» Employer’s Failure to Sign Arbitration Agreement Made it Unenforceable Against Employee

Employer’s Failure to Sign Arbitration Agreement Made it Unenforceable Against Employee

Notwithstanding the strong federal and state policies in favor of arbitrating business disputes, employers that manage litigation risk via mandatory arbitration agreements may wish to consider whether the agreements require execution on the company’s part.

After all, employers should expect that any important contract or agreement is going to be closely scrutinized in a court of law if a dispute arrises..

Recently, in Huckaba v. Ref-Chem L.P., the Fifth Circuit held that an arbitration agreement signed by an employee was not enforceable because it was not signed by a representative of the employer. Having gone to the trouble of drafting the arbitration agreement and obtaining the employee’s signature on it, the employer placed the document in the employee’s personnel file and moved on to other business.

The Fifth Circuit said that language in the agreement explicitly required the signature of both parties. For example, the agreement provided that “[by] signing this agreement the parties are giving up any right they may have to sue each other.” Elsewhere the agreement provided that modifications must be “in writing and signed by all parties.” There was also a blank signature line for the employer, though the court said that this was not dispositive.

In view of this language, the court said, the absence of the employer’s signature is fatal to enforcement of the arbitration agreement.

The court rejected the employer’s argument that the employee’s continued employment after signing the arbitration agreement constituted acceptance of the agreement. The contested issue in this case, the court said, is whether the arbitration agreement was properly executed — not whether the employee accepted its terms.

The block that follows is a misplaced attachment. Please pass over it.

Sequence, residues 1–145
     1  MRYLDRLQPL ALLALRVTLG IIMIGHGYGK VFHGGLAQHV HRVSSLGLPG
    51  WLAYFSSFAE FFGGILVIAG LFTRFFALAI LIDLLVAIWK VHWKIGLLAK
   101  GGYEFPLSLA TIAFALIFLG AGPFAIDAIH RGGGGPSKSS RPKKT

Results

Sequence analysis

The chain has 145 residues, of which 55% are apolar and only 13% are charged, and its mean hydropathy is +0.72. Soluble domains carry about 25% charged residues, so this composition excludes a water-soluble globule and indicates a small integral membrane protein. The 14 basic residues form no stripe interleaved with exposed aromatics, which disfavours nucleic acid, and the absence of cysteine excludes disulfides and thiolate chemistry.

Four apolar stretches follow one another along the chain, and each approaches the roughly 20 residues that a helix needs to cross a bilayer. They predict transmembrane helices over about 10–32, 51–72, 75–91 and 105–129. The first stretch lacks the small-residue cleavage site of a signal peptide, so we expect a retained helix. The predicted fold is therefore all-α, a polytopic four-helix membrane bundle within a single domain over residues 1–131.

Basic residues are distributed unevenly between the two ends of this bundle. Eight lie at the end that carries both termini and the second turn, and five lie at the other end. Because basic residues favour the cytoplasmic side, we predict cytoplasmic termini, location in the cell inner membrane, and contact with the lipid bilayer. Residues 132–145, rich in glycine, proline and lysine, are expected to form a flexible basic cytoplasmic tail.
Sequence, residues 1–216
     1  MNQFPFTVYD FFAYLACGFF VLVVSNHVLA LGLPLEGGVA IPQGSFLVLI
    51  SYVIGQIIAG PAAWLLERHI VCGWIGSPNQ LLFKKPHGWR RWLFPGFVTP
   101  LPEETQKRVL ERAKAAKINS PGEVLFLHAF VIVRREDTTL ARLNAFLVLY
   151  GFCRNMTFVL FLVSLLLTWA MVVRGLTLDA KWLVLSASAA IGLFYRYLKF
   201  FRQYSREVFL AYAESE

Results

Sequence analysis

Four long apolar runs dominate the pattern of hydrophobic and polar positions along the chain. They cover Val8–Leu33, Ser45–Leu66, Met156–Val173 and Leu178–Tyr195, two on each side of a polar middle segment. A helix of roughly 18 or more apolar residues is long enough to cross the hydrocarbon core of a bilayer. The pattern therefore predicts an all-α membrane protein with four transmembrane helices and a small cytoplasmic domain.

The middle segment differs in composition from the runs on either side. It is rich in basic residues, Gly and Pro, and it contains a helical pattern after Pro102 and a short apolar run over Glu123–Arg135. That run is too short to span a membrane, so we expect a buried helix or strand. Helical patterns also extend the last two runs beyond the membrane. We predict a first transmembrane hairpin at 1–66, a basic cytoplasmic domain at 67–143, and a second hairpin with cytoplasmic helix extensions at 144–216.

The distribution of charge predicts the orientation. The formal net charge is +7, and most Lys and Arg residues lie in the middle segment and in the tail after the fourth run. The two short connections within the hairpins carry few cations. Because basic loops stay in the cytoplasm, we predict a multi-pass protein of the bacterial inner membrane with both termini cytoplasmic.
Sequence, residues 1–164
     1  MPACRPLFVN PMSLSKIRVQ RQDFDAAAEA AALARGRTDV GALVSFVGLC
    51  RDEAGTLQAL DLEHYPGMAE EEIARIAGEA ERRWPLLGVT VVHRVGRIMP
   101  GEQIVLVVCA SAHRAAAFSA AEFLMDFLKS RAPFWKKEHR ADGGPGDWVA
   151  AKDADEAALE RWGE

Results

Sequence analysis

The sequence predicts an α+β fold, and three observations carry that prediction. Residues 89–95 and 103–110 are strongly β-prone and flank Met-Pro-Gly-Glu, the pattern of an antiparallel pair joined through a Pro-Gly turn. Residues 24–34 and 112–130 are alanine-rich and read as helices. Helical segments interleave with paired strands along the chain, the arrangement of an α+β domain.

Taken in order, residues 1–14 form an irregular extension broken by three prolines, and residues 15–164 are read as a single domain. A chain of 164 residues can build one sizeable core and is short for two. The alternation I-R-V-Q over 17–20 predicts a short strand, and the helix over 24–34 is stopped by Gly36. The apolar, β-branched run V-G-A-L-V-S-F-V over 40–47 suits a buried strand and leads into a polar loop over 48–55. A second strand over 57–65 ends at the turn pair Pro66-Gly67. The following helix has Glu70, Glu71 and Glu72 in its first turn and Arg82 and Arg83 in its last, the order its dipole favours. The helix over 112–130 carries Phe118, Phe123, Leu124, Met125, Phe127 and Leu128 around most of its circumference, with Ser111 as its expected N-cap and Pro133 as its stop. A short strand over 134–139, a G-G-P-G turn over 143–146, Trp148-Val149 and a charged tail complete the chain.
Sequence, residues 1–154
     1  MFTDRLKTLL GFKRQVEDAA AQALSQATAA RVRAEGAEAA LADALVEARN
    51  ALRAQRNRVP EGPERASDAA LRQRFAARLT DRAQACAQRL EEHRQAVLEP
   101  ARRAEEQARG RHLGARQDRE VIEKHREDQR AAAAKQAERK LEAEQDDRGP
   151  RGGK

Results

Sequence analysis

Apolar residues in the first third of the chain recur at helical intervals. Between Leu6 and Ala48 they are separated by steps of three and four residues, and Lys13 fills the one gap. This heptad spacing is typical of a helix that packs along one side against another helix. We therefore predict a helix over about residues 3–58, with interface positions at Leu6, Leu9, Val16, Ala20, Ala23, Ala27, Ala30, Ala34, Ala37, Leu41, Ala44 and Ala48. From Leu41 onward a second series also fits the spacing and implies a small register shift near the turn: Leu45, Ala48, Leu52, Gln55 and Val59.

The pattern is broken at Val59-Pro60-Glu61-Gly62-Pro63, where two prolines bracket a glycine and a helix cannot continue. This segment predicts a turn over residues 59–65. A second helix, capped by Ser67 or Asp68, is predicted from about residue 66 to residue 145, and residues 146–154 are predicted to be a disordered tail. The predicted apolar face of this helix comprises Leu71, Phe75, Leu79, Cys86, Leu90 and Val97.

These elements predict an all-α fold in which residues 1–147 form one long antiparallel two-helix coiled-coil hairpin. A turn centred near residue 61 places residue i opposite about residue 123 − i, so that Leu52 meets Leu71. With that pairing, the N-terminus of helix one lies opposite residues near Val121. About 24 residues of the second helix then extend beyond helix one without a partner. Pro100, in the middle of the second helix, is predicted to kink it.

The court also turned back the employer’s reliance on In re Halliburton Co., 80 S.W.3d 566 (Tex. 2002), a case in which the Texas Supreme Court enforced an arbitration agreement that was not signed by either the employee or the employer. In Halliburton, the court noted, the agreement stated that submission to arbitration was a term of employment. In this case, on the other hand, the arbitration agreement merely provided that continued employment was consideration for the agreement.

Along the way, the Fifth Circuit observed that the trial court had erred when it concluded that the federal presumption in favor of arbitration, contained in the Federal Arbitration Act, meant that the party challenging an arbitration agreement has the burden to overcome its presumptive validity.

The Huckaba v. Ref-Chem case was decided a few weeks after the U.S. Supreme Court’s ruling in Epic Systems Corp. v. Lewis, No. 16-285 (U.S., decided May 21, 2018). In Epic Systems, the high court emphasized that federal courts may refuse enforcement of arbitration agreements only on “generally applicable contract defenses” under state law.

The message employers should take from the Huckaba and Epic Systems cases is that federal courts will enforce arbitration agreements, but they will not judicially repair contracts that fail under state contract law. The arbitration agreement in Huckaba might have survived if it had been drafted differently (e.g., omitting language explicitly mentioning the need for the employer’s signature, and tightening up the language regarding the effect of continued employment). However, employers should ensure, for all contracts affecting company operations, that airtight processes are put in place to guarantee that every necessary signature is obtained.

The case is Huckaba v. Ref-Chem L.P., No. 17-50341 (5th Cir., decided June 11, 2018)

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